Air Your Dirty Laundry
1 May 2012
Urangan Point State School Principal Damien Gainsford is supporting a major Hervey Bay event to promote Domestic and Family Violence Prevention Month in May.
“Domestic and Family Violence is an age-old problem and needs to be addressed on an on-going basis.
“We regularly see the results and effects of domestic and family violence in the school classroom and fortunately we have both the qualified professionals and the tools to work through the fallout with our students for the best possible outcomes.”
The Hervey Bay event to promote DFVP Month, Act as 1 Air Your Dirty Laundry, will focus on a unique art display involving community members of all ages.
The Hervey Bay event is called Act as 1, Air Your Dirty Laundry and is an initiative of the Department of Communities, Child Safety and Disability Services working with the Fraser Coast Regional Council, local police, the Yoorana Women's Domestic Violence & Resource Service and community organisations to promote public awareness during the month.
On May 31 a unique art show of themed articles of clothing painted and decorated by community members will be displayed at the Hervey Bay Community Centre in Pialba. The artworks will then go on a regional tour.
Mr Gainsford will be a key speaker at the Community Centre event and he plans to deliver a strong message that there are major alternatives to violence, especially when disciplining children.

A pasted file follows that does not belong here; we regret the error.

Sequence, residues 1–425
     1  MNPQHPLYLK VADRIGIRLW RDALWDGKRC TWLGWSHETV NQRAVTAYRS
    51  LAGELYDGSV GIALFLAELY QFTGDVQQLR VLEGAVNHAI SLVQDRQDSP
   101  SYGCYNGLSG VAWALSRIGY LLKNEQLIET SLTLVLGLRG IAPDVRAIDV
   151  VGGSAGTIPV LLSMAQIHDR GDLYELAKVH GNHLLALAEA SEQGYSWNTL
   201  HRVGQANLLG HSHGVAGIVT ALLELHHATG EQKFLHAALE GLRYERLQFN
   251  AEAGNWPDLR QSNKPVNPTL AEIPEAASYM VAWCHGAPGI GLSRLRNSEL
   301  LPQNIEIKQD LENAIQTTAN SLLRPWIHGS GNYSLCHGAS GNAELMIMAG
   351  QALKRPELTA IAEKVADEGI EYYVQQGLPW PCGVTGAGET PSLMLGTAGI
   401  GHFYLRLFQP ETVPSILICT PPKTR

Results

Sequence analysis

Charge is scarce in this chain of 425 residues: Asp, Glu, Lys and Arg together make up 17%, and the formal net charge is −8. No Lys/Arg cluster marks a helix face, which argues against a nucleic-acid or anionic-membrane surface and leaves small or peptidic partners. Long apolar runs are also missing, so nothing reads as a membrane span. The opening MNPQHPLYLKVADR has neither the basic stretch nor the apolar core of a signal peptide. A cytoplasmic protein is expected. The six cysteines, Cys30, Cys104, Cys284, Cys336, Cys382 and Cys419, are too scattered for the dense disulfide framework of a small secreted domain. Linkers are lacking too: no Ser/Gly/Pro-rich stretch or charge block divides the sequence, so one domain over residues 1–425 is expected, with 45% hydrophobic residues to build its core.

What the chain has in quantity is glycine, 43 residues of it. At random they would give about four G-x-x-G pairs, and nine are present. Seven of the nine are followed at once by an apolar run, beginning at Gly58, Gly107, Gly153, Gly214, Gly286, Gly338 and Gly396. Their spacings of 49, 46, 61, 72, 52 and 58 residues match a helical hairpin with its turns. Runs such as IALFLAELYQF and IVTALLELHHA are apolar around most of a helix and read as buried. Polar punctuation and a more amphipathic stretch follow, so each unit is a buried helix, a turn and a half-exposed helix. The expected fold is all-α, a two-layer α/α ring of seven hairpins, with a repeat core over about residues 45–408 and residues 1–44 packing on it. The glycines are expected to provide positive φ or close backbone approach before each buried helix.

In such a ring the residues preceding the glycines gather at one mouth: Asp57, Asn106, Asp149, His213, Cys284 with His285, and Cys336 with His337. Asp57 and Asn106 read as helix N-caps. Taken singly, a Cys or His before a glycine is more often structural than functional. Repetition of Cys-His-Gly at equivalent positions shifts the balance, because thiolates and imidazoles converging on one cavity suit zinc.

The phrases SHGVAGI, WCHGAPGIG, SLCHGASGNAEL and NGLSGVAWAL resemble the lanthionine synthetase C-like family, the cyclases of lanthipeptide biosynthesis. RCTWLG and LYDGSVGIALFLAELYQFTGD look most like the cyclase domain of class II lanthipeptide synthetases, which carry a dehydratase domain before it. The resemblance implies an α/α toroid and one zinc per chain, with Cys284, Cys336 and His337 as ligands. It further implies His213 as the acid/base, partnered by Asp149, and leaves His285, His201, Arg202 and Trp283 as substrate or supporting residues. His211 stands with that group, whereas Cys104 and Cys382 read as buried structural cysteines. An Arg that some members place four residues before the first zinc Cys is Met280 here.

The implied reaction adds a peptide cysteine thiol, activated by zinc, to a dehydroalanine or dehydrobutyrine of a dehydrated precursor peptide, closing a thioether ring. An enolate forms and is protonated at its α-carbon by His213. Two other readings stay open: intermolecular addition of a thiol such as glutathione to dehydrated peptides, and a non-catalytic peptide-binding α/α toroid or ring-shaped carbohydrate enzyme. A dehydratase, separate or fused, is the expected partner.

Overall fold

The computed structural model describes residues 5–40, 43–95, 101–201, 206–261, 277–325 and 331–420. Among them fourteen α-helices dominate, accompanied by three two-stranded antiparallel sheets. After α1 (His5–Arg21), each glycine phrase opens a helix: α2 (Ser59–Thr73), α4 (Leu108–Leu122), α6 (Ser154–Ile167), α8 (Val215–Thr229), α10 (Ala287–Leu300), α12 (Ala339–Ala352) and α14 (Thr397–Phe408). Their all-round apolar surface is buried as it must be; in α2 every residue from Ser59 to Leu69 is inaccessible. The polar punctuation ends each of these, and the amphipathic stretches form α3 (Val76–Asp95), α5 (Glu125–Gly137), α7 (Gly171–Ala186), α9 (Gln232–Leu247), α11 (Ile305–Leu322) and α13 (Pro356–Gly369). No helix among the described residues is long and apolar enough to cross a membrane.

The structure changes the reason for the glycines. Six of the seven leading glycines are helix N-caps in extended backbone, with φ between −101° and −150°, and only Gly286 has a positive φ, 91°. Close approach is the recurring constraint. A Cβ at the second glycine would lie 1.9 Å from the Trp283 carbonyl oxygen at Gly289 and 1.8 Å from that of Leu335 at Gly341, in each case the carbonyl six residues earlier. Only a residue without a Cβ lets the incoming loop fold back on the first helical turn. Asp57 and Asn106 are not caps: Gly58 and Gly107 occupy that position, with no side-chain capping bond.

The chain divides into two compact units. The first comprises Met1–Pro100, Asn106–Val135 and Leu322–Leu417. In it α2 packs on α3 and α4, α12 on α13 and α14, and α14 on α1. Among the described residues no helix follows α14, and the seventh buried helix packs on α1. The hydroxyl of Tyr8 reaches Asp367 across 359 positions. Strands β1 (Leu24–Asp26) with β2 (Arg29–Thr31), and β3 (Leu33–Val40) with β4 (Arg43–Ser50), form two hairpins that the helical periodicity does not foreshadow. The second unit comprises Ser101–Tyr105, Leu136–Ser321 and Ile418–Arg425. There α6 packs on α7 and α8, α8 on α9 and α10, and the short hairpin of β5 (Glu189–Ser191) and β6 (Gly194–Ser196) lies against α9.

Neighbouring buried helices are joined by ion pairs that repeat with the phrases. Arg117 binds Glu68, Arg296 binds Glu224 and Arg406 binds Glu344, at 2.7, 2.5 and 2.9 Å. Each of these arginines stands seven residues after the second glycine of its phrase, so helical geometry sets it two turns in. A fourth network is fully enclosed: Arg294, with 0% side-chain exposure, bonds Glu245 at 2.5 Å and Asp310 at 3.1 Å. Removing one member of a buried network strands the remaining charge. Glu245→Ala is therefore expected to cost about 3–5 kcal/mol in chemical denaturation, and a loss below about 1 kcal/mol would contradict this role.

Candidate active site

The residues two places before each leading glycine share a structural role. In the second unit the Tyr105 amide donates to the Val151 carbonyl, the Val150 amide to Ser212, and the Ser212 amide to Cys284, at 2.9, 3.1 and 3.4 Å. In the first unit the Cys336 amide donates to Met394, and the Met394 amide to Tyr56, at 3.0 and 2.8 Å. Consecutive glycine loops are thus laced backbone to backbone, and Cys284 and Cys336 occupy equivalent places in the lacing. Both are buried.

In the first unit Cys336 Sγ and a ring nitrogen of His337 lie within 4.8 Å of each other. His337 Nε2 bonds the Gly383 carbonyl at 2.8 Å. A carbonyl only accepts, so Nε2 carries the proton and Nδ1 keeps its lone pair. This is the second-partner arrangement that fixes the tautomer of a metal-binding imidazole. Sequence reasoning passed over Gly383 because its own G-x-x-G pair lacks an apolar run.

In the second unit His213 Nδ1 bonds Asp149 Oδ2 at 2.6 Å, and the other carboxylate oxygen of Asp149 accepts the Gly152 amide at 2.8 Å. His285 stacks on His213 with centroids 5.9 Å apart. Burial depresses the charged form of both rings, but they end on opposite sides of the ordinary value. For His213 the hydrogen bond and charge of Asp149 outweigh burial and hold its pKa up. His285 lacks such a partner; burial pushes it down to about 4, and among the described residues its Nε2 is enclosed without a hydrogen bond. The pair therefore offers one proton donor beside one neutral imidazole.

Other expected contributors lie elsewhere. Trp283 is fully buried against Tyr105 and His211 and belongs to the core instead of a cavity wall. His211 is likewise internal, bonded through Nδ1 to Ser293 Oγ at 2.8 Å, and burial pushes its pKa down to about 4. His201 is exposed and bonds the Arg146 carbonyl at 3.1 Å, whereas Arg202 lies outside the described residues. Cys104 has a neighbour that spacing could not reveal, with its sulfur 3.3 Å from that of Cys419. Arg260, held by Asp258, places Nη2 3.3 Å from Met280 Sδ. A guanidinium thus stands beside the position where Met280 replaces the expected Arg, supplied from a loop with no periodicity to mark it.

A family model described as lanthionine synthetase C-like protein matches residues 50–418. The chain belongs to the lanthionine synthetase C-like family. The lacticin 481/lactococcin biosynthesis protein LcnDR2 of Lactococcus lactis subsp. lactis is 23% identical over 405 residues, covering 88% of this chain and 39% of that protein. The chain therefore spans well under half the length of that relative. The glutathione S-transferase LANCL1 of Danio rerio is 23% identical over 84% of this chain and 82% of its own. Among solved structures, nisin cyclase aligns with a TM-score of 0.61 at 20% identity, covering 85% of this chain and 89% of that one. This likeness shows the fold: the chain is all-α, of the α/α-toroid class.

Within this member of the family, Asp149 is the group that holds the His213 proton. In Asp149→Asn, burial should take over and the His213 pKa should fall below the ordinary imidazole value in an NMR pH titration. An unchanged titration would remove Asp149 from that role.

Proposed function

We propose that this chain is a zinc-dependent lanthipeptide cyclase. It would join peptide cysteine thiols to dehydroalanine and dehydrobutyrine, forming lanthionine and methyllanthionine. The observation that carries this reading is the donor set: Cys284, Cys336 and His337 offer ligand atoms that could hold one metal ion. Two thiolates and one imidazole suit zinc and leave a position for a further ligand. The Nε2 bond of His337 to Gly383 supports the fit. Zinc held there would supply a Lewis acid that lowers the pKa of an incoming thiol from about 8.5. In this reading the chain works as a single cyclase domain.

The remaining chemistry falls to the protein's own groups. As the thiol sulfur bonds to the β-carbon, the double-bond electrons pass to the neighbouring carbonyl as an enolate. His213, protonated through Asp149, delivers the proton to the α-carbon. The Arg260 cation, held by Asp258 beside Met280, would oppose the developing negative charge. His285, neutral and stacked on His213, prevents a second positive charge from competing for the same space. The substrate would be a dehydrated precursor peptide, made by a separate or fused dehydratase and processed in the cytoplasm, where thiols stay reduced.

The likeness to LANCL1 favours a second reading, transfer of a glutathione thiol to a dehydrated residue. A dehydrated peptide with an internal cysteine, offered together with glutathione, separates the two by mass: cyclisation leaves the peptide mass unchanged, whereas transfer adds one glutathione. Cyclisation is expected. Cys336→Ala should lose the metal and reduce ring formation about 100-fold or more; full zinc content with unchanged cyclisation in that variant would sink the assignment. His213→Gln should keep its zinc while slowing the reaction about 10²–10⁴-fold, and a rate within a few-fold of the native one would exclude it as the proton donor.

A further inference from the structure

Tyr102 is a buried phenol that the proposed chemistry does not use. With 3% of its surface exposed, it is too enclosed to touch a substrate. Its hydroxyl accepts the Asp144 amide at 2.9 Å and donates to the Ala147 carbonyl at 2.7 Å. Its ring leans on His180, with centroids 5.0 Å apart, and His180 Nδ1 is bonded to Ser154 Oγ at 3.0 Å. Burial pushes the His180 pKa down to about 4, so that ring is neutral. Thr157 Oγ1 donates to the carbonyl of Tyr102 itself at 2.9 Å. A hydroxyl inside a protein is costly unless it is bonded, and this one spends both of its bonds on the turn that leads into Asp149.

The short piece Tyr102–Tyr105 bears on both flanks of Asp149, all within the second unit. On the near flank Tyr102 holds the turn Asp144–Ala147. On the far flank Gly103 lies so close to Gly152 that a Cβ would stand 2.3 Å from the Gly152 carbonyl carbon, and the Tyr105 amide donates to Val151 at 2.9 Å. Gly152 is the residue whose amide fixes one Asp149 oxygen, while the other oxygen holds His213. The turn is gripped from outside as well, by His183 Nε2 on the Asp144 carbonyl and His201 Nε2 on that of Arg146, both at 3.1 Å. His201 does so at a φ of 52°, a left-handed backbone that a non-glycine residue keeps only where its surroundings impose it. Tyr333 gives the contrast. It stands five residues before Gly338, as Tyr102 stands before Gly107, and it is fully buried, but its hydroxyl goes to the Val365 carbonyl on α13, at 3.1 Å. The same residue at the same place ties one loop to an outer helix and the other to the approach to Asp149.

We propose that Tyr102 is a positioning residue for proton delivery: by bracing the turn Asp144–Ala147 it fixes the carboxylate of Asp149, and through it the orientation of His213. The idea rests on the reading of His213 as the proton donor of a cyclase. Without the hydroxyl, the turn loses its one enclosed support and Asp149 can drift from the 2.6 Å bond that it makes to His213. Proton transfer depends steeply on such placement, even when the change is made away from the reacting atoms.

“You should never hit a child out of frustration. In the home environment if your child is out of control, you must be certain that you are in control before you decide to smack them if that is your choice of discipline in extreme situations.
“Children are remarkable creatures and can teach us so much. It is imperative we don’t react too quickly. You can respond to their needs in a proactive way by distracting them or refocussing them.
“You certainly don’t need a cane to do that. I was never a supporter of corporal punishment even when the education system allowed it.”
Damien Gainsford said he had learned a lot about family violence as a child and even though he had survived that personal situation, his own five children now found themselves growing up without a paternal grandparent.
“I was sent to boarding school when my parents separated and that helped me readjust and realign my life’s journey but the sadness stays with me today.”
An educator over 17 years, Mr Gainsford describes domestic and family violence as “a community problem”.
“Domestic and family violence is not a private matter. It’s everyone’s business as a neighbour, a friend or a family member,” he said.
“Domestic and Family Violence Prevention Month is an opportune time to bring this serious and complex issue out from behind closed doors.
“Research shows that eight out of 10 of people agree that they would intervene to support people affected by domestic violence, but they would like more information on the best way to respond.”
If you or your organisation would like to submit artwork please send it to the Community Centre on the corner of Charles Street and Torquay Road.
Artworks need to be in by Friday, May 25.
Artists, who prefer not to see their works taken on tour, can retrieve them from the centre after May 31.